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Bang & Olufsen has a lot to answer for in the world of mini hi-fi. The company's famous vertical-loading CD systems and elaborate opening mechanism designs have been co-opted by the mainstream consumer market -- but rarely with great results. Many of these systems may look similar to the expensive Bang & Olufsen equipment, but with lower prices comes a lower investment of time and energy into the research and design required to make these mechanisms durable.
Though the £130 Panasonic SC-EN9 looks like it may be guilty of imitating a superior system, the elaborate CD-loading system is in fact surprisingly resilient. The CD player and integrated DAB are unlikely to appeal to passionate music fans, yet for casual listening it's a compact and relatively stylish unit. If you have a vast collection of MP3s, the SC-EN9 can play these files straight from a CD, meaning you can pack a few days' worth of music onto a single disc. Sound quality is good for this end of the market, but the plastic-shelled speakers and thrifty component choices make the SC-EN9 hard to recommend for focused listening.
The SC-EN9's DAB tuner is a strong selling point, but the system's most arresting feature is its garage-door-style CD loading bay. This opens up like a gaping mouth and accepts CDs in a vertical position. Once you've pressed the CD onto its spindle, you press the close button on the lower bay door and the mechanism gently closes around the CD like a loving parent. The spindle and reader mechanism is lightly sprung to minimise the effects of vibration on the unit.
Along the top of the main unit there is a series of buttons that control basic transport functions on the CD player, as well as changing the volume of the internal amplifier. There's also a
Band button to switch between AM/FM bands on the tuner and a DAB button to switch the system in DAB radio mode. When the unit is playing a CD with MP3s on it, an LED sign reading 'MP3' lights up to indicate that the SC-EN9 is successfully accessing music from the recordable disc you've inserted.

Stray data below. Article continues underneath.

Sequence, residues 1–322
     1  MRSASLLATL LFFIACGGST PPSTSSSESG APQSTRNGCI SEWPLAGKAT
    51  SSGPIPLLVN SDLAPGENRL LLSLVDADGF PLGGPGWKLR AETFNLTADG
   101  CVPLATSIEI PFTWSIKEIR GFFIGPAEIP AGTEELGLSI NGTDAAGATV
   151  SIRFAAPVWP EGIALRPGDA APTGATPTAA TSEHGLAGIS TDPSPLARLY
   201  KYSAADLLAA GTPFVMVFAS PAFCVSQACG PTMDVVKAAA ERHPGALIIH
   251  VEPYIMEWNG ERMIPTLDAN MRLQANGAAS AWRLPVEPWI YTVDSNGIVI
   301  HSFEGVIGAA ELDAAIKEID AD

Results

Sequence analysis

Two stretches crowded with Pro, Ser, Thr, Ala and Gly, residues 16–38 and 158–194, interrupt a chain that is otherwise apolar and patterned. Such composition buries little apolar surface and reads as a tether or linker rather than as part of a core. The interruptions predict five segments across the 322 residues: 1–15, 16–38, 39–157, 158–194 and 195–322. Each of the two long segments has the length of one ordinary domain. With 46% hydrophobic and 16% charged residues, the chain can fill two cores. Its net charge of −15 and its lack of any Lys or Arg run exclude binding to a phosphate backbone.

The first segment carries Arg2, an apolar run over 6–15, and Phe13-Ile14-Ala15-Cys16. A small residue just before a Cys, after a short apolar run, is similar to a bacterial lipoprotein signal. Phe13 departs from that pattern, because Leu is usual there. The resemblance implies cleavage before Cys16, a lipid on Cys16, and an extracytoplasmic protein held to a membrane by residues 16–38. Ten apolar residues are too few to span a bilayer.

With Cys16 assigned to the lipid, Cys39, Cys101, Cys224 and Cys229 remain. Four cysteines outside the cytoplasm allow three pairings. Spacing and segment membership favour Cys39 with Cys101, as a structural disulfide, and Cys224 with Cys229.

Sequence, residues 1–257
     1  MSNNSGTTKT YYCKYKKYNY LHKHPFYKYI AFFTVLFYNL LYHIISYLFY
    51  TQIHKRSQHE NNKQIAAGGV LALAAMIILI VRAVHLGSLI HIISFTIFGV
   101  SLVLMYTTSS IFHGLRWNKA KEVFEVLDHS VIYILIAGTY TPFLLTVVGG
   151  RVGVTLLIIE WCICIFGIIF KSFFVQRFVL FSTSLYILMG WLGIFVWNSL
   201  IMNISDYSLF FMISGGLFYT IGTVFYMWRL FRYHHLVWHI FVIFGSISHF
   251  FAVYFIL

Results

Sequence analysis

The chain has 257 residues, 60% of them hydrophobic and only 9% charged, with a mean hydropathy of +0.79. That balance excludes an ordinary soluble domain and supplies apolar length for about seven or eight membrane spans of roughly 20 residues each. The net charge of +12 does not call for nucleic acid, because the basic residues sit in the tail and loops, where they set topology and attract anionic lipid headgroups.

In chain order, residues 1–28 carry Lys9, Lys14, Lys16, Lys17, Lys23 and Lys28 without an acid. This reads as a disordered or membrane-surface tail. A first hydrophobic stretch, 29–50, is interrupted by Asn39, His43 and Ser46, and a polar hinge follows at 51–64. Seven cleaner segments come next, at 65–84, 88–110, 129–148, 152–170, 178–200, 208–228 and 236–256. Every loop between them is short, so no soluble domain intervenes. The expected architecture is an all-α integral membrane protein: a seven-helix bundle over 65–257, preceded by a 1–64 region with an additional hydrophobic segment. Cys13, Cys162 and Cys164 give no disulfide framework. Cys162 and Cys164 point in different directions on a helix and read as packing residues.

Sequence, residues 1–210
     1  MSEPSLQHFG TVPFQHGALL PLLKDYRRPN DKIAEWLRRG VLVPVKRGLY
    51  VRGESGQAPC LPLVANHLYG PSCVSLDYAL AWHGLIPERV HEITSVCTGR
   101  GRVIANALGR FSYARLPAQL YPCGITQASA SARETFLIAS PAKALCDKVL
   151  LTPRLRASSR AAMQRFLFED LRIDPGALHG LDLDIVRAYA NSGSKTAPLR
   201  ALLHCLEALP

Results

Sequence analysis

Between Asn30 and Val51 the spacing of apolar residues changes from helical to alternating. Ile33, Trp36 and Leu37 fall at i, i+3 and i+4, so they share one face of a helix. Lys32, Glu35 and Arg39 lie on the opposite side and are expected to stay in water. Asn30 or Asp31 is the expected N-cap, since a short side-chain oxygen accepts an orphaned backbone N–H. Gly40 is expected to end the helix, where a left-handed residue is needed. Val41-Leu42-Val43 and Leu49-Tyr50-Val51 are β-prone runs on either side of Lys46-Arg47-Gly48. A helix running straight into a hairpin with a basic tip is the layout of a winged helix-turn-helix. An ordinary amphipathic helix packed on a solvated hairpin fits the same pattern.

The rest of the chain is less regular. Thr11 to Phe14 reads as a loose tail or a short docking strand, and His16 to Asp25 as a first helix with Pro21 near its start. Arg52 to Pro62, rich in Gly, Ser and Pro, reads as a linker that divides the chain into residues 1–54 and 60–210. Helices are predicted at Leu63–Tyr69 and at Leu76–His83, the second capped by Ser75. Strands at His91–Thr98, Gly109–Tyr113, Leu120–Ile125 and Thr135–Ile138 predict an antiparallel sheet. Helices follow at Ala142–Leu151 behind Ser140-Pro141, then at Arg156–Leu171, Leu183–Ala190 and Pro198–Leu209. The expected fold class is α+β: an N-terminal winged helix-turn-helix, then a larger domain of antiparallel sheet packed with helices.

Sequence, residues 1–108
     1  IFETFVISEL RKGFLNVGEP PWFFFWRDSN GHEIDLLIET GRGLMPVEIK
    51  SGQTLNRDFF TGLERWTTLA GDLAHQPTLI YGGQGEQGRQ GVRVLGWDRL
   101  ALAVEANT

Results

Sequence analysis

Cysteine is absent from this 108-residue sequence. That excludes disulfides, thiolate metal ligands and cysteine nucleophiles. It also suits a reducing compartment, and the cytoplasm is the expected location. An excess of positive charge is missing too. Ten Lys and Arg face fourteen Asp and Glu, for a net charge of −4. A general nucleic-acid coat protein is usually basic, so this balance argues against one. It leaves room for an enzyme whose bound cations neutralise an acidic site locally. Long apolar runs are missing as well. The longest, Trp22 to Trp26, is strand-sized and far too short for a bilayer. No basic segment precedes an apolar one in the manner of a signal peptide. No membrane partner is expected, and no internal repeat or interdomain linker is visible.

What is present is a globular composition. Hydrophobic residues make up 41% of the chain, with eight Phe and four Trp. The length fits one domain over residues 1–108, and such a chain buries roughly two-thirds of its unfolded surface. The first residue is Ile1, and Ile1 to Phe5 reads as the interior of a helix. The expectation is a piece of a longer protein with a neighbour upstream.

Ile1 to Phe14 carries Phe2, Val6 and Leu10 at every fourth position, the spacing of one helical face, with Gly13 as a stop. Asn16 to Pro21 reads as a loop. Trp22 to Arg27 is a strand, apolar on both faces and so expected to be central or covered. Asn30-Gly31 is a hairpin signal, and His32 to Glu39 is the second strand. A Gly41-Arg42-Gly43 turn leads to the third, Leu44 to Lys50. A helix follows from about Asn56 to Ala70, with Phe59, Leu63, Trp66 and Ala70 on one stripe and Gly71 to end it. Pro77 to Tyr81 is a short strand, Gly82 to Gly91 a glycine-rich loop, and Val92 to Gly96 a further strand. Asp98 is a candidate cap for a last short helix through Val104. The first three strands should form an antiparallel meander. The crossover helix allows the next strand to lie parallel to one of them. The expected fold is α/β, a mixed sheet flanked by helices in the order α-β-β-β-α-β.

All of the indicator lights on the top of the system use small LEDs embedded in the top of the unit. These refract on angled cut-outs in the fascia, making the lights appear to be magically suspended in the translucent plastic. It's difficult to do justice to the effect in writing, but it looks intriguing.
The rear of the SC-EN9 reveals its lower-grade status. The back panels are a relatively thin plastic, with basic clip-style speaker bindings for the thin-gauge wire that is soldered permanently into the back of the bundled speakers. There are also sockets for the DAB and AM radio aerials and headphones, an aux port and a line-out connection.
The speakers in particular suffer from the SC-EN9's inexpensive design. They use bass and tweeter drivers with a simple crossover inside the shells, and a crude bass-reflex port in the rear. The sonic characteristics of plastic-shelled speakers are generally poor, lacking good tone and definition, and these speakers are no exception -- but more on that later.